Thomas Nicholas shows off multiple sides in ‘Adverse’

Thomas Nicholas

Thomas Nicholas is well-known for his acting roles, particularly in comedies like the American Pie films. But there are lots of sides to him that film fans don’t know: serious actor, producer, musician. The first two are on full display in Adverse, the new film in which Thomas stars and also produced. Playing a ride-share driver fighting his own demons as well as the mob boss who kidnapped his sister, it’s a part you’ve never seen him play before.

He recently connected with me to discuss making the film and how wide-ranging his career has become. Learn the story of Adverse in our interview before you stream the movie or get it on DVD here. You can also follow Thomas on Twitter, Instagram and Facebook.

Brittany Frederick: You’ve been producing films for over a decade now. How did you get into that part of the business?

Thomas Nicholas: I produced my first feature film when I was about 22; I’m 40 now. That first film was with my brother and it started with his idea. He kind of goaded me into that side of it, because at that point I’d been doing music for a while [and] even though I wasn’t producing so to speak, I was very DIY. I was in charge of what I was creating and how I was going about it. Producing seemed like a logical step for me. My brother said, what are you going to do? Just sit around and wait for work when it comes? Or are you going to go out there to forge your own path? That was the start of it.

That’s also when I first met Brian A. Metcalf, actually. He worked on [that] movie. Years later, we did another film together that was also a Lionsgate movie, a fantasy horror adventure film, if you will. That film ended up doing well. Brian said hey, Lionsgate wants to know what we’re doing next, so let’s develop some projects. We went on to do The Lost Three, which ended up going out through Redbox after its theatrical release. Then Living Among Us, which went out through Sony, and now Adverse through Lionsgate again.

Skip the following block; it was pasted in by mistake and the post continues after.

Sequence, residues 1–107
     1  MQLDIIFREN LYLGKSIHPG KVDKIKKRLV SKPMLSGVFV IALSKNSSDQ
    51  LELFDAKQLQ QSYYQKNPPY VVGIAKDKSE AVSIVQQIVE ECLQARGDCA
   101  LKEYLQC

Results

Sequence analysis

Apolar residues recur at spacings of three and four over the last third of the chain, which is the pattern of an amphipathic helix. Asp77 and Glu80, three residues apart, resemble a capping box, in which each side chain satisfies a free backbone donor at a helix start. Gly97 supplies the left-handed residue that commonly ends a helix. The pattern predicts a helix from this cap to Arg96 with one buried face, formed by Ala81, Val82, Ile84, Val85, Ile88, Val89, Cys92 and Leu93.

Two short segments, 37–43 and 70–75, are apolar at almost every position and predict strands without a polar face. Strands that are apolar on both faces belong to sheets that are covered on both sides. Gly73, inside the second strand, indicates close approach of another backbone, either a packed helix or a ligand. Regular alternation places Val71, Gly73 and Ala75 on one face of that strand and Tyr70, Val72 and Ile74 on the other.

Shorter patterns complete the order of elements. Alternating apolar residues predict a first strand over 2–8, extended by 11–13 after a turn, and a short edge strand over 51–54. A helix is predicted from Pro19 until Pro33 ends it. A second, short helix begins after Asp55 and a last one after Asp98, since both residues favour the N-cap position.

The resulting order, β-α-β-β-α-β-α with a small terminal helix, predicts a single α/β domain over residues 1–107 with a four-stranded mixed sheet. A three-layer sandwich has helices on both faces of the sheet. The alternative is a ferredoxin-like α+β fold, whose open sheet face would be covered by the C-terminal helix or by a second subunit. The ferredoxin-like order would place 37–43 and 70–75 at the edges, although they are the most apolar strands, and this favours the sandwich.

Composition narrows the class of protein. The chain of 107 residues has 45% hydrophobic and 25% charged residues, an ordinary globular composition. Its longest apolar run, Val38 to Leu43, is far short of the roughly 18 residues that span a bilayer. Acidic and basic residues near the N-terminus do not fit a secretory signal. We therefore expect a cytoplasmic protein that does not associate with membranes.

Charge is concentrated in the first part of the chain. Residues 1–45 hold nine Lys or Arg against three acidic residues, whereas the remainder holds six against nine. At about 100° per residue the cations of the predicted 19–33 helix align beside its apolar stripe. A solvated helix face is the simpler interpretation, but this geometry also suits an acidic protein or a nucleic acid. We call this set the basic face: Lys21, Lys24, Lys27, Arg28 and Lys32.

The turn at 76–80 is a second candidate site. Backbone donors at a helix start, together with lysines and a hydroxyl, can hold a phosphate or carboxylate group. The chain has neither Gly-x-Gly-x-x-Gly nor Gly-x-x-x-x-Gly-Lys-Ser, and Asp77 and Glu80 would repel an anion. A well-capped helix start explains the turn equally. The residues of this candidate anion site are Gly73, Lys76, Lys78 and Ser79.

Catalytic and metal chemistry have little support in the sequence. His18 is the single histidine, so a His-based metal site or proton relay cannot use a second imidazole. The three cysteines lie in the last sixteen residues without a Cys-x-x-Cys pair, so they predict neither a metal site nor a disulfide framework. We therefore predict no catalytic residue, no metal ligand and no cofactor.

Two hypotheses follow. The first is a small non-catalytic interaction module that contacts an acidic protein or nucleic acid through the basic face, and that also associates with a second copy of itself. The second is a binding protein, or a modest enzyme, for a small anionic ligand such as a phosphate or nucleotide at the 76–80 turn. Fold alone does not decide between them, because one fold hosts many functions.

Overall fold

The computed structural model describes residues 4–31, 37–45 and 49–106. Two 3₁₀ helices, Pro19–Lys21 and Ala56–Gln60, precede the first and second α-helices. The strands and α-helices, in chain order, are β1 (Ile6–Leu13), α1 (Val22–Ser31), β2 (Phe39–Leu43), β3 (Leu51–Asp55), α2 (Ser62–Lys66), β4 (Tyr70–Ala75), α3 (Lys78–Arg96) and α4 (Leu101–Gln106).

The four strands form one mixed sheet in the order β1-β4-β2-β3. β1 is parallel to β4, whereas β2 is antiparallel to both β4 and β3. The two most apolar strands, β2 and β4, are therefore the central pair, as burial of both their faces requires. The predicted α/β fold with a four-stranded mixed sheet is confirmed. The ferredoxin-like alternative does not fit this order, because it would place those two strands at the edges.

BF: Is it natural for you to go back and forth between acting and producing by now? For some actors, it can be a challenge to take on a behind-the-scenes role.

TN: It kind of is. I got into music because of all my downtime on set. When I’m an actor in a film, there’s a lot of times where I’m just sitting around doing nothing. I’m just waiting for the camera to be ready, so I can to go back to work. That’s when I kind of picked up the guitar, to keep myself sane during all that downtime. Producing a film that I’m acting in just takes up all that downtime for me.

Instead of sitting in my trailer noodling on a guitar writing songs, I’m now handling decisions and putting out fires. I have all of these responsibilities as the “boss.” I am in the Producers Guild, so it’s not just a vanity title. I’m really in the trenches with Brian A. Metcalf and Kelly Arjen, my producing partners.

BF: Is there a part of Adverse that stands out to you? Because if you just hear the premise of the movie, you kind of think it’s more action-driven than it really is.

TN: It’s funny you say that because even though I love the energy of the Lionsgate trailer, the theatrical trailer encapsulates more of the tone of the movie. It is very much a character=driven drama like Taxi Driver, where you’re more focused on the mental instability of my character Ethan. We don’t really delve into his mental illness, but he is clearly not mentally well. He’s got anger issues that Lou Diamond Phillips, [who plays] his social worker, touches on right at the beginning of the film. Although Ethan has this mental illness and is unstable, he still has this focus on his sister being the most important thing to him. That’s the driving force of all of his decisions through the course of the story.

Thomas Nicholas
Thomas Nicholas. (Photo Credit: Courtesy of ICON PR.)